Can you recommend a readable and educational implementation of a CPU in VHDL or Verilog? Preferably something well documented.

P.S. I know I can look at opencores, but I'm specifically interested in stuff people have actually looked at and found interesting.

P.S.2. Sorry about the sucky tags, but as a new user I can't create new ones

You may enjoy an article series I wrote on this long ago for Circuit Cellar magazine, Building a RISC System in an FPGA.

Happy hacking!

  • 2
    See also my Design Con paper, Designing a Simple FPGA-Optimized RISC CPU and System-on-a-Chip [], which presents the annotated Verilog source code for an FPGA CPU and SoC. – Jan Gray Nov 15 '10 at 23:33
  • thats a dead link :/ – Earlz Apr 10 '12 at 4:10
  • Delete the trailing ]? – Jan Gray Oct 23 '12 at 17:04

Get this book, I've got the first edition. A few years ago I implemented their CPU in a little Flex 10K10 FPGA on a PCB I designed, with a couple of push buttons and a single 7-segment display for entering data and displaying the results.

A lot depends on what is your purpose of studying the code? In other words, what does interesting mean to you?

If you are doing it in order to see how much complexity can go into a CPU, you may be more interested in studying the source of OpenSPARC architectures. It will take a long time to dive in but you will get an appreciation for the overall big picture view of a complex microprocessor.

Then, if it is to study specific computer microarchitecture features, you will want to look at some straightforward RISC machines like the AEMB, a small and fast multi-threaded 32-bit RISC processor (shameless plug).

Then, if what you want is to learn good coding styles and conventions, the LEON2 design is a good place to learn good VHDL coding style.

However, if your purpose in studying a processor is to learn how to design one yourself, your best bet would be to start with one of the simple 8-bit machines (there are many AVR, 8051, PIC examples on the net).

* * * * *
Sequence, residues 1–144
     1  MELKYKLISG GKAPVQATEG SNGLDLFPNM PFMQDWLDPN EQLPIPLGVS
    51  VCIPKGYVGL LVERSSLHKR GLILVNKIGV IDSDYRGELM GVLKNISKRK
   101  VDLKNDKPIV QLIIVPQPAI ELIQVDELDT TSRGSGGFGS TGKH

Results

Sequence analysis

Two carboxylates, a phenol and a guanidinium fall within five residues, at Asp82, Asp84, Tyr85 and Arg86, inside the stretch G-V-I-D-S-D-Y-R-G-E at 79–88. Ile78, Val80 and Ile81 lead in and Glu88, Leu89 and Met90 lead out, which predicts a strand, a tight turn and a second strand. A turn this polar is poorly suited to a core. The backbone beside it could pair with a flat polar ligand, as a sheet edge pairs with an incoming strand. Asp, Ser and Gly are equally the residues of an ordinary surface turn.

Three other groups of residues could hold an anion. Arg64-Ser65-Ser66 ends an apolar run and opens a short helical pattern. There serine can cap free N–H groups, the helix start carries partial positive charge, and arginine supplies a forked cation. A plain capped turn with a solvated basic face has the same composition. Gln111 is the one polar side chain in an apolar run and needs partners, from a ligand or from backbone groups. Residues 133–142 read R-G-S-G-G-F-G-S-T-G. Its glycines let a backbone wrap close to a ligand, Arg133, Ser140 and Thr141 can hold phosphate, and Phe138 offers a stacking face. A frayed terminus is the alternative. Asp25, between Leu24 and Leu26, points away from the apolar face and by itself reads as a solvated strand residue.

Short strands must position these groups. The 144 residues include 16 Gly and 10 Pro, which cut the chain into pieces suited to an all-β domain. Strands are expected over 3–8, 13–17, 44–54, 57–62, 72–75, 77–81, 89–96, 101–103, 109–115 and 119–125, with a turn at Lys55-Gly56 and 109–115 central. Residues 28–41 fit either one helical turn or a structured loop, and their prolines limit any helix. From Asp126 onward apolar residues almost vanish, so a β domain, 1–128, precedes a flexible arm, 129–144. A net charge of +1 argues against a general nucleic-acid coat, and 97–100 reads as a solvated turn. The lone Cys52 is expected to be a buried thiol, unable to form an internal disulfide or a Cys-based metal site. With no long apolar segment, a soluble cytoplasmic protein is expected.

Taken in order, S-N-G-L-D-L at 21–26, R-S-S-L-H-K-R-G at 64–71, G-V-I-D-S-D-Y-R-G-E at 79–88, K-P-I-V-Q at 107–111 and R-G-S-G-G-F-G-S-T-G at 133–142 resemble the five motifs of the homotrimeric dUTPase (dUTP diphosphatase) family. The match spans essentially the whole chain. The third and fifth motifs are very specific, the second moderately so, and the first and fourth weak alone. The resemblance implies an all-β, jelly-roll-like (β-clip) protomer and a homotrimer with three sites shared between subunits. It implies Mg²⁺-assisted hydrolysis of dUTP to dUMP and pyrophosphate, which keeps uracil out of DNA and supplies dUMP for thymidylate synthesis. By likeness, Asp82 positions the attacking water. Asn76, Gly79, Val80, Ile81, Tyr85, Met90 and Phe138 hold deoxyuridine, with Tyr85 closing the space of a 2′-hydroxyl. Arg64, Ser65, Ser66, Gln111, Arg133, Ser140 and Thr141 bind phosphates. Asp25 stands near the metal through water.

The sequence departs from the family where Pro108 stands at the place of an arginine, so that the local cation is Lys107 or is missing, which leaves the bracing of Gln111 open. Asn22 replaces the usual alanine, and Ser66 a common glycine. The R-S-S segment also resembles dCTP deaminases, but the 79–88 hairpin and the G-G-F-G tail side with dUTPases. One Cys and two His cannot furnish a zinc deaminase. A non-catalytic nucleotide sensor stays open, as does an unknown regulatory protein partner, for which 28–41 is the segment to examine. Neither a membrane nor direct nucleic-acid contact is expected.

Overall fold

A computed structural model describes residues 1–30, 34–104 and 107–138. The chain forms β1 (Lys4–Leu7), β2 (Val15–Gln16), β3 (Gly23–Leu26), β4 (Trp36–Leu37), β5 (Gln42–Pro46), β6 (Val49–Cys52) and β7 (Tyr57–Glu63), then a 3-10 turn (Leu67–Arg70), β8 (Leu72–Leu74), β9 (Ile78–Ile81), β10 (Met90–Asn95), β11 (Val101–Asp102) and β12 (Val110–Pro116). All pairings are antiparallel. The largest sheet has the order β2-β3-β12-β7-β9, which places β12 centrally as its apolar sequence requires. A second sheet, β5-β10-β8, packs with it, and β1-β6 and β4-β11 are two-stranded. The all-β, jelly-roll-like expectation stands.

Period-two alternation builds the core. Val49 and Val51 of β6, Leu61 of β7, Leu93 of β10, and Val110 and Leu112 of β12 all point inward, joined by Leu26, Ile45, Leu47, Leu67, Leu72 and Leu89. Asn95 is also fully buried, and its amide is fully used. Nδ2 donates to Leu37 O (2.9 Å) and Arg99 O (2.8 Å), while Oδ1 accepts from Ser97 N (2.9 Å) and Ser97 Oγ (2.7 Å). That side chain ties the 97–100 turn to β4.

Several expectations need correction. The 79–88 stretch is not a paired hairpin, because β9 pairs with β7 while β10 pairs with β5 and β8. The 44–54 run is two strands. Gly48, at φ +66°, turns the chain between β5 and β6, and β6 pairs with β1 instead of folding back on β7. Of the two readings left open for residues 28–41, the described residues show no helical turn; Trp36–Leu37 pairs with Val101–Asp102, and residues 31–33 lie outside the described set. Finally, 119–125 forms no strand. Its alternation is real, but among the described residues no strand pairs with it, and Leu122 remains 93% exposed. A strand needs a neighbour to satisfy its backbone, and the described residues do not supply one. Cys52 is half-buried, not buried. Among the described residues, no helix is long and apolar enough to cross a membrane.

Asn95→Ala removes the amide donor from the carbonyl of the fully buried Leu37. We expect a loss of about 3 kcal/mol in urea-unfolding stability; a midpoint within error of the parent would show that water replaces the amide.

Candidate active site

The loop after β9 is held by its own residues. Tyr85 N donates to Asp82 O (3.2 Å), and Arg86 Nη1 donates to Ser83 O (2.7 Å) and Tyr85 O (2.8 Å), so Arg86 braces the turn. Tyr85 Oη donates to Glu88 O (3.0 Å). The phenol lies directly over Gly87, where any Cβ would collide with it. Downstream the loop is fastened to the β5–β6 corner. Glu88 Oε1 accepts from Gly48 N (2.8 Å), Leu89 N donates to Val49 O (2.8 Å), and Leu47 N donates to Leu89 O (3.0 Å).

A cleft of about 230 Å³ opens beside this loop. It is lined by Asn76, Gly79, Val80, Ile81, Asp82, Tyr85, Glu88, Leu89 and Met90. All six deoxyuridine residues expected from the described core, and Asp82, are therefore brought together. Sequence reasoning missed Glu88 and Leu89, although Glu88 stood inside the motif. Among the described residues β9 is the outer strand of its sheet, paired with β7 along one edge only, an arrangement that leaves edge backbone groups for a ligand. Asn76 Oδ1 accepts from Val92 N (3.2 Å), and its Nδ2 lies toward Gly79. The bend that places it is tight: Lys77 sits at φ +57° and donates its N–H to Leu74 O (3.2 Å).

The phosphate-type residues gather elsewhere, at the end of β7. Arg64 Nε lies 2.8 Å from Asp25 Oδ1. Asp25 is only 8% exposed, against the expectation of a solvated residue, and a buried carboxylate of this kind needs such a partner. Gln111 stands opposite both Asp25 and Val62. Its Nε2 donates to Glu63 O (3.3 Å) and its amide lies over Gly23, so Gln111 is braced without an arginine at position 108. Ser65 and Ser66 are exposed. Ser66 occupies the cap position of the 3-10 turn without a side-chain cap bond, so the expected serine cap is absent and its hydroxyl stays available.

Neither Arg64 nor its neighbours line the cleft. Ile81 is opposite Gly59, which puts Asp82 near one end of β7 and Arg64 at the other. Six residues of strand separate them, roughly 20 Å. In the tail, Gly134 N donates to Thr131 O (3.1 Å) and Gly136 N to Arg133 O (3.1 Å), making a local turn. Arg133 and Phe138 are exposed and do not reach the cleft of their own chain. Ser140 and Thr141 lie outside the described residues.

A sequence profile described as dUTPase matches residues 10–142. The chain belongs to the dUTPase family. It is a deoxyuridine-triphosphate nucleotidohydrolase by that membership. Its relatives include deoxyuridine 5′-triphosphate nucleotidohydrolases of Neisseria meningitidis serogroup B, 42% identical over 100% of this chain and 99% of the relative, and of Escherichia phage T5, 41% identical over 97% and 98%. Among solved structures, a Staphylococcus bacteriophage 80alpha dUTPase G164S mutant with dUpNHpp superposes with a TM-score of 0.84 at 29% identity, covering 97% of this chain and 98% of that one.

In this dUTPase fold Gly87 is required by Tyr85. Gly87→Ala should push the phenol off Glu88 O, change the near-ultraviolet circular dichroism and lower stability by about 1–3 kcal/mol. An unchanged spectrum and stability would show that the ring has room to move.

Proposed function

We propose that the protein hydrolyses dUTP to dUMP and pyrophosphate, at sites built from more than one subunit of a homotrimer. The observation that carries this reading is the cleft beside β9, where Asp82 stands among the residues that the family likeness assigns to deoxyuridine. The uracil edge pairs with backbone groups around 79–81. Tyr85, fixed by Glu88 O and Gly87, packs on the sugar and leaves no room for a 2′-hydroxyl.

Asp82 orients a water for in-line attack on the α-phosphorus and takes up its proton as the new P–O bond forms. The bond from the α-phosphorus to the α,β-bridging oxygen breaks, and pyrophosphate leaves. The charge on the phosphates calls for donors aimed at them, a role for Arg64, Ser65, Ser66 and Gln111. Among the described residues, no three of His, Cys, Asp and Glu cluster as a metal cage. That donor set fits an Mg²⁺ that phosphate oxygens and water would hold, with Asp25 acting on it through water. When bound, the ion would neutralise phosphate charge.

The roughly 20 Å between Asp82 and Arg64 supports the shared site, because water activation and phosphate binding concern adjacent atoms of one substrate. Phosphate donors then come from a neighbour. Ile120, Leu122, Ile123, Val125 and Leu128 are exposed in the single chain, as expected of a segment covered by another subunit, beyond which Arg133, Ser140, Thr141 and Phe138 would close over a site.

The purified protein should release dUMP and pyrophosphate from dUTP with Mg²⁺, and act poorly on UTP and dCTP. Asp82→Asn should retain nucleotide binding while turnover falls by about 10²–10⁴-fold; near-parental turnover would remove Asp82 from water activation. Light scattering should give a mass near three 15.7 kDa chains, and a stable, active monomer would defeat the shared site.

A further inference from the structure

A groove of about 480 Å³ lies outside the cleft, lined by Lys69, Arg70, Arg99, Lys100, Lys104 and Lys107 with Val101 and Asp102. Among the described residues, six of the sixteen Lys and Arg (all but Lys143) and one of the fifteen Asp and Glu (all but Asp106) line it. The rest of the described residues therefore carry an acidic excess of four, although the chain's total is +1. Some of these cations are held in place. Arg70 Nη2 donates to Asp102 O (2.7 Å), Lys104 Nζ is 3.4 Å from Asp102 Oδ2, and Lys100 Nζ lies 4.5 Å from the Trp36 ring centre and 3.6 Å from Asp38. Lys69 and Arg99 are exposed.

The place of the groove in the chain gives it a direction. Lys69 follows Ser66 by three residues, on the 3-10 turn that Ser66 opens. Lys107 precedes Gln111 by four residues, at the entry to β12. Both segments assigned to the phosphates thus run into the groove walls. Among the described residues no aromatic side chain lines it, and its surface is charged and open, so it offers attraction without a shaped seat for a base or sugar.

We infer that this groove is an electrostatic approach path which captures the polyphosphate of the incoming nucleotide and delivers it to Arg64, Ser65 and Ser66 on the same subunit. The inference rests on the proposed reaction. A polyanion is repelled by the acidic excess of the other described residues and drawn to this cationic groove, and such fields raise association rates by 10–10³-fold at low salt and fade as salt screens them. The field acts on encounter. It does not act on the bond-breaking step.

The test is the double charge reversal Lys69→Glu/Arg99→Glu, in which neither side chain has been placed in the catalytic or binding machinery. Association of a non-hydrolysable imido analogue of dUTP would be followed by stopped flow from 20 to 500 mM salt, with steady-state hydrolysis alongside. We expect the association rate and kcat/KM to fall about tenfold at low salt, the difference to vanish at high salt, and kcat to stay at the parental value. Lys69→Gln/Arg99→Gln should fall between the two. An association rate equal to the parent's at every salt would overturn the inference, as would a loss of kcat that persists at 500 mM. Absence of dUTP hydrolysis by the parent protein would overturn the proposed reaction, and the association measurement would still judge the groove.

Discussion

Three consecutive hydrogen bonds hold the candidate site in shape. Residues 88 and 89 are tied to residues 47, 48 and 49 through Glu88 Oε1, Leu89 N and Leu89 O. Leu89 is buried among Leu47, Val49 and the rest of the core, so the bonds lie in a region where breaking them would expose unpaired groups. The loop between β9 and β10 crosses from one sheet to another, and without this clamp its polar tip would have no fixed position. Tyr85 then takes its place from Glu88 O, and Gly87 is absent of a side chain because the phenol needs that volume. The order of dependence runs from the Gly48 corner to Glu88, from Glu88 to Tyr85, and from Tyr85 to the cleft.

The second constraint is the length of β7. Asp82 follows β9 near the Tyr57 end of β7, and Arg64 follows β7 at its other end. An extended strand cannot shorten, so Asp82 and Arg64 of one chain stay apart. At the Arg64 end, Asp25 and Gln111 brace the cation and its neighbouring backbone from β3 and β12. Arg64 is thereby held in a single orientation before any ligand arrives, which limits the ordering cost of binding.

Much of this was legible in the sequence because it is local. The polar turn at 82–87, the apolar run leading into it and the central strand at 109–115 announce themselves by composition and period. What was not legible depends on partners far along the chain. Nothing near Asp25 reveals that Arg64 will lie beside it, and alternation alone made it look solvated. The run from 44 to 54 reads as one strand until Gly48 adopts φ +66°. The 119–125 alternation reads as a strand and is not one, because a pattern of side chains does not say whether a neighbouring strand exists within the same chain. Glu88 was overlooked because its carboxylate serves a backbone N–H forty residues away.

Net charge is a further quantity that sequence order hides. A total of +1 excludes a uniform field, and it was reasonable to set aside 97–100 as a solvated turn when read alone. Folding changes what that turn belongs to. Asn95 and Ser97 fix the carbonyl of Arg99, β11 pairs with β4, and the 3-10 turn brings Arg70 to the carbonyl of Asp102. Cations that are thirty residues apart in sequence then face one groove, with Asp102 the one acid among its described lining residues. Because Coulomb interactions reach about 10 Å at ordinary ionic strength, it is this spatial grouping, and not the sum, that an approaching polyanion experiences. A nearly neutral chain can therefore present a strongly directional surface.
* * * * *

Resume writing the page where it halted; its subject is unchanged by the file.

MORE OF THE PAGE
• Shameless plug - AEMB - my own "littlest processor that could." – sybreon Sep 12 '11 at 12:13

You may try examining some Forth CPU designs. Forth is a simple programming language whose specification and implementation is defined by means of two stacks stack (one for data and one for return addresses).

Several small VHDL/Verilog processors are freely available:

Some more links can be found here:

PS. Despite Forth being a fairly old and obscure language many modern stack-based VMs (Java, fast JavaScript VMs) have similar low-level design so learning about it can be fruitful.

PicoBlaze is nice, however it is not available in vendor-independent VHDL.

Some other choices are:

  • A Picoblaze clone in Verilog (you should be able to find this easily). Not sure if it is maintained
  • Gumnut is a nice small core supported by a recent Ashenden book.
  • The tiny register machine/computer by Thacker (about 200 lines of Verilog)
  • Jan Gray's XSoC/XR16 (already mentioned here)

Also, if you are looking for a compiler for your CPU, it is most probable to get one for a 16-bit CPU. Once there was Poderico's compiler from a C-like language to Picoblaze but it has been taken off the web.

  • If you include a blank line before your list your answer will be formatted much better. – Trygve Laugstøl Nov 12 '12 at 8:15

You may have a look at the Xilinx PicoBlaze processor. It's a minimal 8-bit embedded microcontroller, and the source code should be available.

  • 1
    That's all structural VHDL though, so not great as a teaching tool – Martin Thompson Nov 16 '10 at 14:35

Too late, however I provide a small answer.

There is a course named fromNand2Tetris from University of Jerusalem, this course is also present on coursera, I built the computer they created in that course. I implemented the language in scheme to be able to see myself how the computer works in the least detail. And I succeeded, the simulator they created in Java cannot do everything I wanted to see.

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